They say buying an RV is kinda like buying a car, only harder.
Recreational vehicles – popularly known as RVs – come in all kinds of shapes, styles, sizes, colors and prices. For some, a RV could be the second largest purchase – behind a wheel-less home – that they make in their life. So it’s worth doing research and giving serious consideration as to how you want to use your RV.
The first questions you need to answer are related to how you want to use your RV, what features you want and where you plan to travel. TripSavvy offers some initial questions that you should answer:
- Why are you buying a RV?
- Where do you plan to travel with your RV?
- Do you prefer to tow a trailer or drive a motorhome?
- What features do you need?
- What features do you want?
Once you answer these questions, you’ll be better able to consider which type of RV is correct for you and your family.
Types of RVs
There are seven different types of RVs, ranging in price from several thousand dollars to well north of $1 million. The different models are described briefly below.
- Class A Motorhome: These are the largest and most expensive RVs available. The amenities are almost endless: kitchen, shower, living area, entertainment center, etc.
- Class B Motorhome: This is essentially a full-size van. This is more like a conventional automobile in terms of handling, gas costs and maintenance.
- Class C Motorhome: This is a hybrid version that fits between Class A and Class B. The defining feature in these RVs is an over-cab sleeping area. They vary in length from 20 to 40 feet.
- Travel Trailer: This is the most popular RV that can be towed. They vary in length from 12 to 33 feet.
- Pop-Up Camper: These are the most compact and lightest RVs. They are easy to tow and easy to park. They vary in length from 8 to 25 feet.
- Fifth-Wheel Trailer: These are defined by their gooseneck front, which attach to a pickup truck so they can be pulled. They vary in length from 25 to 45 feet.
- Truck Camper: These fit right in the bed of a truck and are easy to remove. They often have a shower, toilet and a cooktop.
There are numerous ongoing costs that you need to take into account before purchasing a RV. Depending on the size and type, there can be costly issues for: maintenance, insurance, fuel, larger vehicle to tow the RV and where to park the RV when it’s not in use.
Once you’ve decided on the type of RV that you want, then more specific research begins. You can do local and national searches through Google, but you might want to start with organizations that specialize in RV reviews. Here are three of them:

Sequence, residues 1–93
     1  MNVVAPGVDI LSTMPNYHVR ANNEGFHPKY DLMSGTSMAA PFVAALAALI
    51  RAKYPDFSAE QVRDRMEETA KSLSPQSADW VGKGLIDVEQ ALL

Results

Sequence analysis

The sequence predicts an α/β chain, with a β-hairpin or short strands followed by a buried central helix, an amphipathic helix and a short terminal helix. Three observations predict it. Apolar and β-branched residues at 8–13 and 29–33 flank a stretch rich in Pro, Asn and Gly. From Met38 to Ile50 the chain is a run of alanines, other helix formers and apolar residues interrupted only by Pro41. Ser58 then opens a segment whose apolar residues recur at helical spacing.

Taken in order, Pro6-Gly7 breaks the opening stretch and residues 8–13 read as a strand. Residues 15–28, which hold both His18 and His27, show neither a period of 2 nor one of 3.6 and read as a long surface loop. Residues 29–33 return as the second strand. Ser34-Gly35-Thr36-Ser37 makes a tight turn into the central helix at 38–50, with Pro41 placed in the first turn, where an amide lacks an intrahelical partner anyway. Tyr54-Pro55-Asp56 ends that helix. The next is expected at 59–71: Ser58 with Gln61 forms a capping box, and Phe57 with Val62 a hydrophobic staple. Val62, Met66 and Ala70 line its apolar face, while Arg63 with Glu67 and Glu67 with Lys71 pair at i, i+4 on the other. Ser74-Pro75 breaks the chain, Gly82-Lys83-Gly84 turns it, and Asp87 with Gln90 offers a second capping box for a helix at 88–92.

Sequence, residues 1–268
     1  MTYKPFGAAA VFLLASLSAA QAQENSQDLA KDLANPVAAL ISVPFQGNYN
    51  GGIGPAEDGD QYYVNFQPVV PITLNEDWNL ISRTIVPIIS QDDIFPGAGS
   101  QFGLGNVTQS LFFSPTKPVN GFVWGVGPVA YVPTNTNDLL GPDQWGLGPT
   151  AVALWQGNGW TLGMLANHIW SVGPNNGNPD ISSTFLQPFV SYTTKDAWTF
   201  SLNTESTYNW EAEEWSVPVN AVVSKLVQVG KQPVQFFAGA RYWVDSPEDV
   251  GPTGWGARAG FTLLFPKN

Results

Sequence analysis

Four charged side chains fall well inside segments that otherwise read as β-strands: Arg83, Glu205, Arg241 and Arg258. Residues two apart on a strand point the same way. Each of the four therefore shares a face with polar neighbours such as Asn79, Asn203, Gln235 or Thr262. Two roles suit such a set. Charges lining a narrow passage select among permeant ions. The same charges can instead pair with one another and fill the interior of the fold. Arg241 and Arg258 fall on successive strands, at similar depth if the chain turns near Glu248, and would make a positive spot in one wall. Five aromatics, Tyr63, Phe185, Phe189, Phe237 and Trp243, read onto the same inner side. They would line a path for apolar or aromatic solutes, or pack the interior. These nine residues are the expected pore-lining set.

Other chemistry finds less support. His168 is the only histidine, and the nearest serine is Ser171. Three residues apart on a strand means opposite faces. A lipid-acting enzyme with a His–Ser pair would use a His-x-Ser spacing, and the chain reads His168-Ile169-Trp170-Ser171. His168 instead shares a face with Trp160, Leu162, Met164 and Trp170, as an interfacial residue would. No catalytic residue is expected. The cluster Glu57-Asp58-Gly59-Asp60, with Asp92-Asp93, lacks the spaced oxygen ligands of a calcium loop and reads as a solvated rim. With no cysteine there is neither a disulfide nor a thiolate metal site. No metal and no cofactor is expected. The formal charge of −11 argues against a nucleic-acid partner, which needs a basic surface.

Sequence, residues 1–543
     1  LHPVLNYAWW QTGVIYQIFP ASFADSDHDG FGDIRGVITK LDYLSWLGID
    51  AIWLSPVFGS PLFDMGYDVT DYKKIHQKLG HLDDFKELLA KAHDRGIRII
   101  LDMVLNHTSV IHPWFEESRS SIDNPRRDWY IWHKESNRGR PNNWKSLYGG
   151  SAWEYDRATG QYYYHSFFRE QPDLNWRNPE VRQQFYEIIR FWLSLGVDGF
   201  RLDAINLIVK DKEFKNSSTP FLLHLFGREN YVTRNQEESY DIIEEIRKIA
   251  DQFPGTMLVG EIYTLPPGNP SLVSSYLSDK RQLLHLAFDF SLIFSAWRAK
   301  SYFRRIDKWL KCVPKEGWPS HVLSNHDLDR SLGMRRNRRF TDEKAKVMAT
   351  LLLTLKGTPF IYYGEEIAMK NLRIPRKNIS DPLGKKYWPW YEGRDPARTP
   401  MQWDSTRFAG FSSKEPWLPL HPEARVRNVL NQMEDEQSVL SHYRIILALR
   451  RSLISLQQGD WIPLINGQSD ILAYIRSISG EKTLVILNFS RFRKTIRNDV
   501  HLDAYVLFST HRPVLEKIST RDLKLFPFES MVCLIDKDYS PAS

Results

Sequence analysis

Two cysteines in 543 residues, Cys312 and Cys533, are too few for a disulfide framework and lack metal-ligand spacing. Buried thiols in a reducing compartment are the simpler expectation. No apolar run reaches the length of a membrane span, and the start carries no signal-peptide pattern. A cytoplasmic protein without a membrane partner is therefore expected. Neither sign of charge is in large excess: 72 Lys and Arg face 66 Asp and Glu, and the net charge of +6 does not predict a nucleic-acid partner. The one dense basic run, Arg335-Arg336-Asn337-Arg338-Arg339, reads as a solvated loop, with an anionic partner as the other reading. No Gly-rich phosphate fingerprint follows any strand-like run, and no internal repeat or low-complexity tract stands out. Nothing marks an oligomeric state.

At this point you should have a firm idea of what you want, what you can afford and the models and manufacturers that you may be interested in seeing. This is when RV shows and RV dealers are helpful. Shows allow you an opportunity to see a variety of options, speak with representatives and meet other people who are interested in RVing.
After you’ve been to a few shows, you might want to visit a couple of dealers to see what they have on their lots and to get some specific pricing.
Test with a rental
Renting an RV is a prudent next step. It will give you the opportunity to rent the type of RV you are thinking of buying; it will let you see what it’s like to drive and maneuver an RV for a week or two; and you’ll find out pretty quickly if you like living in an RV.
Cruise America is a good place to start, but most areas have local RV rental opportunities.
New or used
RVs are just like cars and boats: used costs less than new. New RVs begin to depreciate the second you drive them off the lot. But with a used RV you might have more maintenance, you don’t know how a used RV has been treated – and you certainly won’t get that new RV smell.
RV user groups
Fellow RV enthusiasts - like the ones you'll find in RV camping clubs, are a great source of information before, during and after you purchase an RV. Members can provide all kinds of advice and ideas about owning and using an RV.
Truliant finances RVs – specifically campers, motor homes and pop-ups. We offer financing for recreational vehicles up to 10 years old, terms up to 180 months depending on loan amounts1, rate discounts, and CD&L and Gap insurance. Set an appointment to speak with one of our specialists today, or call 800.822.0382 for more information.
Federally insured by NCUA. (1) All loans are subject to credit approval. Only motor homes, campers and boats are eligible for loans exceeding 84 months. (Motorcycles and classic cars are not eligible for terms longer than 84 months.) The estimated monthly payment on a $25,000, 60-month term RV loan at 6.49% APR is $489.